The first thing to watch is how the panel treats the OSC Staff's circumstantial case. In Canada, insider trading cases are very difficult to prove because regulators must rely on circumstantial evidence – a meeting here, a large trade there – as they have traditionally been unable to use techniques such as wiretaps that are usually reserved for criminal prosecutions. In this case, the defense has done a good job at picking away at the inferences the panel is being asked to make in the absences of 'smoking gun' evidence. In response, the OSC Staff is asking the panel to take a broader look – sure, each fact and each inference may be subject to questions, but, taken together, there's only one credible story, they argue, and that's illegal insider trading. It's a pointillist theory of liability – like a Georges Seurat painting, up close it may look like random dots, but from a distance, it's clearly a dude with a moustache. In short, will the panel be convinced that the inferences he is being asked to make are too large to sustain a bigger picture?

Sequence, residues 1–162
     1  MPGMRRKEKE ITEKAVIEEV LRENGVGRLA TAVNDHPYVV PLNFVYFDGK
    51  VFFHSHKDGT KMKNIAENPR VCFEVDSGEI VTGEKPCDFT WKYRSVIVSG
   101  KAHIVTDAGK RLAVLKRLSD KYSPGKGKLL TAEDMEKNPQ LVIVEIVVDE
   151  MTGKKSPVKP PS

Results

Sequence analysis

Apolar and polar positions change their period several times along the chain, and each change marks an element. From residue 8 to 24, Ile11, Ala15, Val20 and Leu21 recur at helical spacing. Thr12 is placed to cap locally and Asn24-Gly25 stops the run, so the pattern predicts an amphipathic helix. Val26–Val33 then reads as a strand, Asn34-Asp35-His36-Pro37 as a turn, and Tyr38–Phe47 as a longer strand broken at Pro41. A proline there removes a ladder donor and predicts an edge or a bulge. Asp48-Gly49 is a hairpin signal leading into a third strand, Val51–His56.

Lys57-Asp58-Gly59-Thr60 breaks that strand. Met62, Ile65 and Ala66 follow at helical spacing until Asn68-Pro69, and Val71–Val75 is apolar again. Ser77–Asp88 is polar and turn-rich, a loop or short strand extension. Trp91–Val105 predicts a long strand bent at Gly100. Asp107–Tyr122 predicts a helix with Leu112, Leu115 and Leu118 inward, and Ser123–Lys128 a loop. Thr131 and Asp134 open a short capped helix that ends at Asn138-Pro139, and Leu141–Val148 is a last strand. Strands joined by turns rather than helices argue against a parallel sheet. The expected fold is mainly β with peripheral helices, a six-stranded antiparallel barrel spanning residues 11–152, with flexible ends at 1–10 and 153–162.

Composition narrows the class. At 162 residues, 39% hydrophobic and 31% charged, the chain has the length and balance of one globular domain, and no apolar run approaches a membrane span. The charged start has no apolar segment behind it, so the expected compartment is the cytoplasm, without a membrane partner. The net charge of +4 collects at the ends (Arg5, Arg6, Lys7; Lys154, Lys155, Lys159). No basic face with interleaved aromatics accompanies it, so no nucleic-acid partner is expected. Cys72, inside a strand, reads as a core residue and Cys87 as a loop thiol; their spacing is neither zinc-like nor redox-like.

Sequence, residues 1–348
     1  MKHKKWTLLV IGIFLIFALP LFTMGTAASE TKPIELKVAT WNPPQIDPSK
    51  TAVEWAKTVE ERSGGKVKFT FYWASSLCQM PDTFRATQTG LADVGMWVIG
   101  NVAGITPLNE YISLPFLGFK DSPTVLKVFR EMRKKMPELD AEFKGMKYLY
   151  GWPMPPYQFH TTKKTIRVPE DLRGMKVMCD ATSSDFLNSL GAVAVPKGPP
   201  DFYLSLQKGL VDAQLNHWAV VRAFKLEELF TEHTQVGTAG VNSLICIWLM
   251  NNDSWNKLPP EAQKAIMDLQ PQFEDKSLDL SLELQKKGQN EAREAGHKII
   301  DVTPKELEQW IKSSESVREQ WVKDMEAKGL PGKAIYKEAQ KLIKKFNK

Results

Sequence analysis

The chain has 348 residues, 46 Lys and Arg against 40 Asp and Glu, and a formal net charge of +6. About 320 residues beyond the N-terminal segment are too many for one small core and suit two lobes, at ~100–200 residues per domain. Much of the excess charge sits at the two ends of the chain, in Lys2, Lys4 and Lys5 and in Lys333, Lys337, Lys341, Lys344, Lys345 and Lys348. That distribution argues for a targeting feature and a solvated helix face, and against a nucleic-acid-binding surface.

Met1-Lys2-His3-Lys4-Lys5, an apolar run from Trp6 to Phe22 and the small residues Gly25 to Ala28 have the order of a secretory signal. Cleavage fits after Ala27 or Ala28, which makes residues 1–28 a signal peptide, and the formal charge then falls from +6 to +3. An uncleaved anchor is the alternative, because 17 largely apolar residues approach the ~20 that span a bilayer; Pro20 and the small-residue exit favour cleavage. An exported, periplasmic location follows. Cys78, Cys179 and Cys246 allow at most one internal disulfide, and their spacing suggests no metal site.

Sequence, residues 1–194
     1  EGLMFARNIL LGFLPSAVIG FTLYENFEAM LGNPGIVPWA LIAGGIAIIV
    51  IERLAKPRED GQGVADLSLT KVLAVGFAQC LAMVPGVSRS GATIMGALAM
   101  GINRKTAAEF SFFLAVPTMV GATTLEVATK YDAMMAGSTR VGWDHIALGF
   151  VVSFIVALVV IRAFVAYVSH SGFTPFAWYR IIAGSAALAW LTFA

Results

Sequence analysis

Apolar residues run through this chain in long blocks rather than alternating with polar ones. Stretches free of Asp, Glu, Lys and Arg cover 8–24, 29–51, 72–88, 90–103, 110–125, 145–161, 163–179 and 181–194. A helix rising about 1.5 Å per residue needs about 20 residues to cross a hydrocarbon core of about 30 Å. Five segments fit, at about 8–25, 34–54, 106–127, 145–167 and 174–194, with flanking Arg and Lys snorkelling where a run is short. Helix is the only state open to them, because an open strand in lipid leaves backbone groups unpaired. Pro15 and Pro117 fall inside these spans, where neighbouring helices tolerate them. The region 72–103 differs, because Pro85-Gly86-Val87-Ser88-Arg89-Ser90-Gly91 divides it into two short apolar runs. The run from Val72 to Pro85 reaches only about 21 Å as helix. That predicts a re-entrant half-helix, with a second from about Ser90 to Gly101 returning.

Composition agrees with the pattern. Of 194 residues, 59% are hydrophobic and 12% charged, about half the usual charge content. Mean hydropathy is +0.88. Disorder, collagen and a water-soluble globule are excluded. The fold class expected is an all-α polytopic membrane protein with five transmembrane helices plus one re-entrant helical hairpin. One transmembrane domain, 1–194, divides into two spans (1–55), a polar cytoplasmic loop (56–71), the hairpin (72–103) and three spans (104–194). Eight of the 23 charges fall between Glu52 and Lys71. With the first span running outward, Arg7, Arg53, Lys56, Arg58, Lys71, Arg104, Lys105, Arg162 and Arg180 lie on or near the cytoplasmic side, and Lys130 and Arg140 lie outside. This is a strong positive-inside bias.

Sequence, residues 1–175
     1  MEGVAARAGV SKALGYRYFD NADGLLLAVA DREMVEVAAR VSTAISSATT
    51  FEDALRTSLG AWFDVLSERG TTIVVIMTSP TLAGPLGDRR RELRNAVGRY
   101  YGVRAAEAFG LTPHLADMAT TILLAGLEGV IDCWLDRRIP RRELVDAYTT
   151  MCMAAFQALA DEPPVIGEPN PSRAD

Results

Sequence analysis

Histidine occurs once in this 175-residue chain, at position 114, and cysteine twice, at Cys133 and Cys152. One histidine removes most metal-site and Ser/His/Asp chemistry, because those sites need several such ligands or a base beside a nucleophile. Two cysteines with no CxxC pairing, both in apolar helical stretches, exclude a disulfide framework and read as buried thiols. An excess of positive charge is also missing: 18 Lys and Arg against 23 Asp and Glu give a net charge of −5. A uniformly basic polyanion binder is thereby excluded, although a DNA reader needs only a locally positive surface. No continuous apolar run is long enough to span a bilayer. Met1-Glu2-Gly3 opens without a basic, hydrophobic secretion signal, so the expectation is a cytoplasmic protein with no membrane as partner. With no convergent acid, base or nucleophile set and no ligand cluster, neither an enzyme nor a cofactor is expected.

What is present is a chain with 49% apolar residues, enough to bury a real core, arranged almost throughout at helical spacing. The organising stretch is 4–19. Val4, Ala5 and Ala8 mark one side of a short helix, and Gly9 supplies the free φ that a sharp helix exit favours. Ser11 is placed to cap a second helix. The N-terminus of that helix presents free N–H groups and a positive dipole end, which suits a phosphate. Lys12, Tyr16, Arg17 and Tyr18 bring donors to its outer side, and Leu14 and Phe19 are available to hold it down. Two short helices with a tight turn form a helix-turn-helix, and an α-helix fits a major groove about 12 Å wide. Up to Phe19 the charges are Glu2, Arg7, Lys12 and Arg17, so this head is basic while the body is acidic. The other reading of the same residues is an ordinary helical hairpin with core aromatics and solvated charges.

This dovetails with another big question: What is the standard of proof in insider trading? In theory, the standard of proof is "whether the alleged events are more likely than not to have occurred… based on clear, convincing and cogent evidence," as opposed to the criminal standard of proof, which is the stronger and more well-known "beyond a reasonable doubt." In practice, this summer's Alberta Court of Appeals decision in Walton v. Alberta (Securities Commission) seemed to suggest that the standard of proof in securities proceedings is something higher than "more likely than not." The Alberta Securities Commission has applied for leave to appeal this decision to the Supreme Court of Canada.

My read (which has the reliability of a Stanley Cup prediction by Leafs fans in September), is that, although the OSC's Staff's case does not meet a criminal standard of "beyond a reasonable doubt" (nor do they have to, in this instance), they have made out a "more likely than not" case – the coincidences are simply too frequent and too many. Whether they have met the intermediate standard that the ACA articulated is an utter mystery. So, will the panel apply a lower or higher standard in this case? And, if they apply a lower standard, will the put further pressure on the Supreme Court to grant leave in order to reconcile the split?